In September, I explained how "Chromebook changed my life". Please refer to that story for the broader explanation of the basic benefits of the computer category and Chrome OS.
Google's first laptop transcends OEM partner products. Pixel is the MacBook Pro of Chromebooks. There is strong design aesthetic, metal enclosure and stunning screen, which 2560-by-1700 resolution outdoes the Apple Retina Display's 2560 by 1600. As I explained in February, Google means Chromebook Pixel for people considering MBP.
The best products make you feel good, regardless of benefits or shortcomings. I really enjoy using Chromebook Pixel. While not as behavior-changing as I anticipated, the touchscreen improves the overall user experience, and display resolution is beyond spectacular. The keyboard is about the best I've ever used, making writing fast and furious. Overall performance satisfies, too.
The key advantages are resolution and touchscreen. No Mac comes with the latter, although some Windows machines do. But no Windows laptop in this size or price class offers nearly as much resolution.
Chromebook Pixel specs: 12.85-inch touchscreen, 2560 x 1700 resolution, 239 pixels per inch; 1.8GHz Core i5 processor; Intel HD graphics 4000; 4GB DDR3 RAM; 32GB or 64GB of storage; HD WebCam; backlit keyboard; dual-band WiFi 802.11 a/b/g/n 2x2; 4G LTE (on one model); Bluetooth 3.0; mini-display port; two USB ports; Chrome OS. Measures: 297.7 x 224.6 x 16.2 mm. Weighs: 1.52 kg (3.35 pounds). Cost: $1,299 (32GB WiFi); $1,449 (64GB WiFi/4G LTE). 1TB Google Drive storage is included free, for three years.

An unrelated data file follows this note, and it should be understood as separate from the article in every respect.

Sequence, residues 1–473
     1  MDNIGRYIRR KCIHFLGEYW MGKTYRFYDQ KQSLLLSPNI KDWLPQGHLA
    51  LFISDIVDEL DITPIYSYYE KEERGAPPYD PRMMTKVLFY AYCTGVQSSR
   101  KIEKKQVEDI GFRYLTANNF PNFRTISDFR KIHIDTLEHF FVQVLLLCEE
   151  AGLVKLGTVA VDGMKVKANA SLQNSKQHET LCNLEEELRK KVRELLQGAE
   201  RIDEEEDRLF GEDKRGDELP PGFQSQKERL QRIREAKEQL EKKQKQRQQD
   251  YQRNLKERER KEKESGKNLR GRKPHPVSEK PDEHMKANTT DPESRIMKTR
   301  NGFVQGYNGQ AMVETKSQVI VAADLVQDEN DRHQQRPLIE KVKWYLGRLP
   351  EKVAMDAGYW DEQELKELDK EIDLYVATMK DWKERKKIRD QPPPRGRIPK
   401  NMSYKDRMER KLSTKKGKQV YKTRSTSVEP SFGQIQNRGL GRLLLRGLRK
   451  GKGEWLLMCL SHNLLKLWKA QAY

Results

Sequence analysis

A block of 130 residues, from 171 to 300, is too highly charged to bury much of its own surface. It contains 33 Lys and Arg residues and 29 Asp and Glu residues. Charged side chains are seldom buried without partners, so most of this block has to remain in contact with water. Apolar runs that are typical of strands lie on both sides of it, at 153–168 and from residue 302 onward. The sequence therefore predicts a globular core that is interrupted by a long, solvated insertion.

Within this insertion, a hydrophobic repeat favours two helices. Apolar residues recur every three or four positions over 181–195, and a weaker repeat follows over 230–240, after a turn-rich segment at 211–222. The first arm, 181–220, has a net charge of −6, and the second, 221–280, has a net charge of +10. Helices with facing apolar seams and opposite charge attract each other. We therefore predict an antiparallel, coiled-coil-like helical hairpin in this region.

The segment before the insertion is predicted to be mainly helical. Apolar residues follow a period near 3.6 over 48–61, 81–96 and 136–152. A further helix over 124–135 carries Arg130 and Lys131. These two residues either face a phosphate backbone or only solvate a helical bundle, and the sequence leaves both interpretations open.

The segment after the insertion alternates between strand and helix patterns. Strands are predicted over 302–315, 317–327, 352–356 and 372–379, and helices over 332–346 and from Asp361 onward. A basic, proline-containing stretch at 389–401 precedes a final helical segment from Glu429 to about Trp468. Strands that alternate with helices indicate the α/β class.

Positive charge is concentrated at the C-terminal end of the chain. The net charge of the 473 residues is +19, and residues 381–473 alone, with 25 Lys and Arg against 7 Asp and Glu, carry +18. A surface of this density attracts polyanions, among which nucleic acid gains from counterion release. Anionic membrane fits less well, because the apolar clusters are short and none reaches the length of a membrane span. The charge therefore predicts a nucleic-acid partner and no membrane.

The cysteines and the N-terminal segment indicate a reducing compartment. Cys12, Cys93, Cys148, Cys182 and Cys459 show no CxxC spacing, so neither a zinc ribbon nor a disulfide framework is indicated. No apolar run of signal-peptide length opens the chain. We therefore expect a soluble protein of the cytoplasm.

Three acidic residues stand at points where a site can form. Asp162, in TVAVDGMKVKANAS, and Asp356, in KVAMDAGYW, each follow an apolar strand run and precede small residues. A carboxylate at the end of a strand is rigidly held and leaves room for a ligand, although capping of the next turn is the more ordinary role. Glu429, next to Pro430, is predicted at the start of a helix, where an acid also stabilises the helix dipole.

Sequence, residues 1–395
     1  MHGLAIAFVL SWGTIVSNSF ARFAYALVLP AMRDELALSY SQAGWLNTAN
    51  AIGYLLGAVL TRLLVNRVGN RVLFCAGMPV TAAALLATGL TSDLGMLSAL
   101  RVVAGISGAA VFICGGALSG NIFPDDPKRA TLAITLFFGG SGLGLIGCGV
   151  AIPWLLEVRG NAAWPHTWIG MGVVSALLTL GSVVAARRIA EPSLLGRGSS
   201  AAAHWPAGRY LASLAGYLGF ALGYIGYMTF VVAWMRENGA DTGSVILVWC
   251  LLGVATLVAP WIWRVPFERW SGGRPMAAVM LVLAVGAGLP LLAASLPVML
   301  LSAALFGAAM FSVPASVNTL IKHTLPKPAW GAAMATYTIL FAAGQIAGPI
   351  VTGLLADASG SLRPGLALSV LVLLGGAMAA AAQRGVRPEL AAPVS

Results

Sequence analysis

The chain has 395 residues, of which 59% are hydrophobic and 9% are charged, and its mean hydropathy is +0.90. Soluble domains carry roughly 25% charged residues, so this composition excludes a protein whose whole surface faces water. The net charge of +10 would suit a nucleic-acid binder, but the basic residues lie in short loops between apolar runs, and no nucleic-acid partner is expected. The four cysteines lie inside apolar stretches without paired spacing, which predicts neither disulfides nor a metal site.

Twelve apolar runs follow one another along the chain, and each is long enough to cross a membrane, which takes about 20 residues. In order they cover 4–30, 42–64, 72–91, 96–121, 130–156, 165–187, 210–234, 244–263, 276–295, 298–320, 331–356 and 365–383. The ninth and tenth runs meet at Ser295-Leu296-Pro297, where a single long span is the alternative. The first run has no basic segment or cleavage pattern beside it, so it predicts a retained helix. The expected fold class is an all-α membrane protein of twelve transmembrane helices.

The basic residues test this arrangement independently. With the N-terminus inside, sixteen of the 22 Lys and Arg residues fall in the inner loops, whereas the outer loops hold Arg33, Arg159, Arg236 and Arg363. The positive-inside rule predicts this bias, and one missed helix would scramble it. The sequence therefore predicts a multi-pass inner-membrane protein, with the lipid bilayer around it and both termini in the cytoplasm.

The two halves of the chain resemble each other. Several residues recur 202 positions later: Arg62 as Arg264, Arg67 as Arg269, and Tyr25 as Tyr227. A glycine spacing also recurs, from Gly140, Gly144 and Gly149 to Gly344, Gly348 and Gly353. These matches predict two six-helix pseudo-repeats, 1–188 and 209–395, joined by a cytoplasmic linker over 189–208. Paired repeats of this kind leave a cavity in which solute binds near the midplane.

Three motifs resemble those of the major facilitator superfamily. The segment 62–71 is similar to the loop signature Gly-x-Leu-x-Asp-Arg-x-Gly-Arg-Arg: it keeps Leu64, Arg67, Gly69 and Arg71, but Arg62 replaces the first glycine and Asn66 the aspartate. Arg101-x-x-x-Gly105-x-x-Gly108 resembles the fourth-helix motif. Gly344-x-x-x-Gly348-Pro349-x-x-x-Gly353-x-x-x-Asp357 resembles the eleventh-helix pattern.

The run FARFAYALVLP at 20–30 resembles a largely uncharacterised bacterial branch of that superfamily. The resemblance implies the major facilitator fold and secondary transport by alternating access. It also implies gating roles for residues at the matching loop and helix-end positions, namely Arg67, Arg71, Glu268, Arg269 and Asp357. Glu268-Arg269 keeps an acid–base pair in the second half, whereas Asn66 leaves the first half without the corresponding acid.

Nearly 12 months have passed since I started using Chromebook as my primary PC. Except for a few weeks in February, when I reviewed Surface Pro, Chromebook is my only computer -- Pixel for two months now (please see my review for much more).
That said, I could get many of the benefits, short of touch, running Chrome browser on MacBook Pro with Retina Display. Plus, I could easily run traditional software while taking advantage of web apps. But there is something about how tight is the whole package, thanks to Google software and services. If the search and information giant doesn't provide most of what I need, some other developer does.
But as expressed earlier, Chromebook Pixel is an acquired taste. Even for me. Much as I love the computer, my mindset needs more adjustment -- to pull away from app-centric thinking to looking from a task-perspective. That's the direction Pixel is headed, but the apps aren't there yet, nor is Google's UI. The potential is obvious, but software is still a work in progress.
The point: I may love Chromebook Pixel, but it doesn't always love me.
Google's developer conference commences in two days, and there Chrome OS is sure to get some attention, and even Pixel. I ask myself: Will the love last? That's a question to answer after Google I/O and Apple's Worldwide Developer Conference and Microsoft's BUILD in June.
By the way, I won't attend I/O as expected, due to a family situation. Sigh, there's always next year, eh?